In the question of the social character of the USSR, mistakes commonly flow … from replacing the historical fact with the programmatic norm. Concrete fact departs from the norm. (Leon Trotsky, “The USSR in War“, In Defense of Marxism [New York: Pathfinder Press, 1973], p3.)
Rousset approaches the various petty-bourgeois parties in the colonial world, including the Stalinists, with a priori assumptions of what they are capable of doing. When they surprise him, he misses the material reasons for their course and the limitations of that course. Instead he attributes a proletarian content to their intentions. But the nature of their intentions is easily determined in reality. The program and class composition of the VCP, the Maoists, the Cuban July 26 Movement and other formations that headed the postwar social overturns are well known. We do not have to deduce them from a particular event in the party’s history. In the case of the Chinese and Vietnamese CPs, the party memberships were overwhelmingly peasant and their programs, laid down by the Kremlin, were for a revolution limited to reforming capitalism.
For Rousset our characterization of the VCP as both Stalinist and petty bourgeois amounts to a “series of epithets”. In defense of this rather unflattering conclusion he offers the following: “A party is defined above all by the class interests that it represents more or less effectively. A petty-bourgeois party in Vietnam is therefore above all, a party tied essentially to the peasantry … exactly what social interests does such a party defend … By giving the same class definition to the Stalinist bureaucracy and to the Vietnamese small peasantry both then become ‘petty bourgeois’. But how can you do that without stripping of its content the concept of class nature?”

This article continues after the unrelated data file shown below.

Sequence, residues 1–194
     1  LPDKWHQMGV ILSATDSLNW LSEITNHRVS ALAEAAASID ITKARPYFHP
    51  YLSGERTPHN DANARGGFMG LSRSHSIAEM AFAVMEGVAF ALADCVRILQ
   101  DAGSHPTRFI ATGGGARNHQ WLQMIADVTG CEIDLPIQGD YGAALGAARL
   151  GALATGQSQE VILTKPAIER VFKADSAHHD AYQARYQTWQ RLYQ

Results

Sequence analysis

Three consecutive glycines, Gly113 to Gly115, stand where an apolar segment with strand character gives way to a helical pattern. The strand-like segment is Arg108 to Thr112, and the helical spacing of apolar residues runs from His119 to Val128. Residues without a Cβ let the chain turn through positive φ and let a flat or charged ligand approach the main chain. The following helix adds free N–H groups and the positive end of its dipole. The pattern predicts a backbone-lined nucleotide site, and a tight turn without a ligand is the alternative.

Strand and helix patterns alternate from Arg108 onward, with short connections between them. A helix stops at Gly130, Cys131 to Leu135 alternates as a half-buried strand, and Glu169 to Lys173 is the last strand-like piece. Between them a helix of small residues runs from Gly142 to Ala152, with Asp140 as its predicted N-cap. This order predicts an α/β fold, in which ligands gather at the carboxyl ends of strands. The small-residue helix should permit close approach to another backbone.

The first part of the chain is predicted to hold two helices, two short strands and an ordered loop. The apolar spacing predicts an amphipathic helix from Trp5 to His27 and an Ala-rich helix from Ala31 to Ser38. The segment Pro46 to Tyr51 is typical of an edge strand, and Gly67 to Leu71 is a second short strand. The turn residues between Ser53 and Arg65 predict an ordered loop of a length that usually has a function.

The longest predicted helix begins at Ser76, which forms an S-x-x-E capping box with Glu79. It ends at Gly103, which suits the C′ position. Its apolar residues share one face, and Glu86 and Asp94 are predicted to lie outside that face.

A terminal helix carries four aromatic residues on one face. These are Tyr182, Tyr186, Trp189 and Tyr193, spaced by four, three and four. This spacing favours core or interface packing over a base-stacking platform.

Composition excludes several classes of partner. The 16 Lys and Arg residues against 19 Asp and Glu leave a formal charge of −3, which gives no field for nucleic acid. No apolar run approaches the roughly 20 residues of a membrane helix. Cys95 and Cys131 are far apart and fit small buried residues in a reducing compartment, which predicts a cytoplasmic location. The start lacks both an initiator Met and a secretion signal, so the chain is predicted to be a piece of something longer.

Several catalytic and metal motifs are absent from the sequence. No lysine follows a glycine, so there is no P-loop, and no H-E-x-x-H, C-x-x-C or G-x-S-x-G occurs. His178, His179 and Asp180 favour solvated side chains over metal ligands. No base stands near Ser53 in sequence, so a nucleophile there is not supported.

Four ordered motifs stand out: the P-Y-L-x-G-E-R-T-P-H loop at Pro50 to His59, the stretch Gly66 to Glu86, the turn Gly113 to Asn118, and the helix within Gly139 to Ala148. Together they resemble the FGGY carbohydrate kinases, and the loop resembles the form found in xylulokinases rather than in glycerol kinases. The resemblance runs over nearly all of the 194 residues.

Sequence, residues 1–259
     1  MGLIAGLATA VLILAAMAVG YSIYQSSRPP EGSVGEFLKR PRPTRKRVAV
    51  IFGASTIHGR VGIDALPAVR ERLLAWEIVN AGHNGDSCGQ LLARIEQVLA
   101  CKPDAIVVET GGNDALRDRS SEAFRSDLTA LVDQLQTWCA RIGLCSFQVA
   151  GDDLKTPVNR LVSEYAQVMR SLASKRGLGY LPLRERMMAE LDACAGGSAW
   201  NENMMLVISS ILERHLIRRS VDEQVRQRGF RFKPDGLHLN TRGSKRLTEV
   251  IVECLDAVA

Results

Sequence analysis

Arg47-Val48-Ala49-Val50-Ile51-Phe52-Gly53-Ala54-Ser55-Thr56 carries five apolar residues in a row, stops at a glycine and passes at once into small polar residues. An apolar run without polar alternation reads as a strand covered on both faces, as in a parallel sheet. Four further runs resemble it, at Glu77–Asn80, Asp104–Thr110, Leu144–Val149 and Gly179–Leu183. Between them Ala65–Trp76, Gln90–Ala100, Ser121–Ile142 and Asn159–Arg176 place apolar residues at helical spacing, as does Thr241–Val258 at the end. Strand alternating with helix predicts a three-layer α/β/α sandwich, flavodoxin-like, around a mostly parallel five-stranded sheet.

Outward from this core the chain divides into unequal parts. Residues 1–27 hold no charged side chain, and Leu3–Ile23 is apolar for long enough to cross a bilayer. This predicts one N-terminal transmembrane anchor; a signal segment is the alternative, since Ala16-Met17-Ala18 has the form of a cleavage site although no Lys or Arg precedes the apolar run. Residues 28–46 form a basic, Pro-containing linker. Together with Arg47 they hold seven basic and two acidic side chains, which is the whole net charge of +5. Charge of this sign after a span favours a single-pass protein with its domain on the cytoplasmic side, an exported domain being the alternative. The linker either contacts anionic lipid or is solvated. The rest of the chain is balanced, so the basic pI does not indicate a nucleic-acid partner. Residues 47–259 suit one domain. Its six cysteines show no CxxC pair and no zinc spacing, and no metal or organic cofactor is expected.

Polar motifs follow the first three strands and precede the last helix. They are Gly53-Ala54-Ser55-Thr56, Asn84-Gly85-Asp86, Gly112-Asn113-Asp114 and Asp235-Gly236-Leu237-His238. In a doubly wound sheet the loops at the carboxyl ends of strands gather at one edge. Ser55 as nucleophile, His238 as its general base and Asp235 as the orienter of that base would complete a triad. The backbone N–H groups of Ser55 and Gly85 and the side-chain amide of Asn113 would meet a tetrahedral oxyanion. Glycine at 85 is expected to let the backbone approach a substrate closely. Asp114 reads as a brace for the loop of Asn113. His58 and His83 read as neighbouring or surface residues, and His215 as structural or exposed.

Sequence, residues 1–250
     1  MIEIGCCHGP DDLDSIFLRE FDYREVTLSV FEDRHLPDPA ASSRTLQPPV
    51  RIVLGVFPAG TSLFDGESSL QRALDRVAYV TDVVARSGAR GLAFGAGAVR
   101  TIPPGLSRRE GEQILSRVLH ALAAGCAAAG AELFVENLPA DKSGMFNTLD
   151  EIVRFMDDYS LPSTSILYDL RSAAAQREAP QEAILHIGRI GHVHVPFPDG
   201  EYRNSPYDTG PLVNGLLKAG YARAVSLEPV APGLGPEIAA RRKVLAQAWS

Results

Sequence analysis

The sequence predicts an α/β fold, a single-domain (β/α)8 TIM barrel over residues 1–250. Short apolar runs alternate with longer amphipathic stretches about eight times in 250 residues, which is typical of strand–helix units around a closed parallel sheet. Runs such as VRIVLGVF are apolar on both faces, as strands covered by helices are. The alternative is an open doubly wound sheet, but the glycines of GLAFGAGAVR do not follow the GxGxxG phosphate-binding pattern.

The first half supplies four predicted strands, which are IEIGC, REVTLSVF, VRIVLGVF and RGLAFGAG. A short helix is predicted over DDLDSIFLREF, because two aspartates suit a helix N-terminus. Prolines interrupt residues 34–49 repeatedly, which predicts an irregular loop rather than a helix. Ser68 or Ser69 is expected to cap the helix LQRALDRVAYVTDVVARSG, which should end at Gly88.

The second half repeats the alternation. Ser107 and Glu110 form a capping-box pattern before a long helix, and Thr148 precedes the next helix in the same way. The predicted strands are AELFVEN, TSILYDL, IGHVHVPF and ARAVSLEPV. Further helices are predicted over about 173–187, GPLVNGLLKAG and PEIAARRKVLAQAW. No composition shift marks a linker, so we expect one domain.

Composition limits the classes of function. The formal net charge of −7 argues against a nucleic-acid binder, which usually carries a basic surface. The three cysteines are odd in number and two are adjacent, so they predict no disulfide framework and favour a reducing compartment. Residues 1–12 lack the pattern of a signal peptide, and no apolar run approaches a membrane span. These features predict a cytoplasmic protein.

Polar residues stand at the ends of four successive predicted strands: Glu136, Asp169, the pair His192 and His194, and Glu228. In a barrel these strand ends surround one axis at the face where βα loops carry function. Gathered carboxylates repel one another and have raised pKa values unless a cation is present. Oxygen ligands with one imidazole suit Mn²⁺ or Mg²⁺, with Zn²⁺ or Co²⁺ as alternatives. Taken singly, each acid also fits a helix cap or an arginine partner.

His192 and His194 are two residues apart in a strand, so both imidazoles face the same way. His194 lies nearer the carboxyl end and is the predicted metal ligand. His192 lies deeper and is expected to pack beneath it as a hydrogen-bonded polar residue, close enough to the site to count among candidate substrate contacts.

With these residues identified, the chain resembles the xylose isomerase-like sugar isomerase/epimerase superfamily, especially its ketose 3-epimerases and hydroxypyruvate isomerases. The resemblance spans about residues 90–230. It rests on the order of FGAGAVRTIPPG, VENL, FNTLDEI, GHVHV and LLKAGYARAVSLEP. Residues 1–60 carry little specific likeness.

Rousset forgets that while classes are defined by their relationship to the means of production, political parties are related to the means of production only through their programs. Moreover, he sees the “petty bourgeoisie” as a homogeneous formation whose bread-and-butter interests must be incorporated in a party’s program for that party to “effectively” represent them.
Yet it is a commonplace that the petty bourgeoisie both socially and politically, is far more heterogeneous than either the working class or the capitalist class. No sector of the petty bourgeoisie is capable of achieving consciousness as a class in contradiction to the proletariat or the bourgeoisie. It tilts toward one or the other of the two major classes. Thus in the realm of politic it is more useful to begin defining a petty bourgeois party negatively, by establishing its degree of opposition to the continuation of large-scale private property or to the establishment of a planned economy. That still leaves a lot of middle ground for all kinds of political tendencies. But at the least we have avoided the fundamental confusion of not being able to distinguish those parties that do clearly express the class interests of the working class or of the bourgeoisie from those that try to represent both of them or neither of them.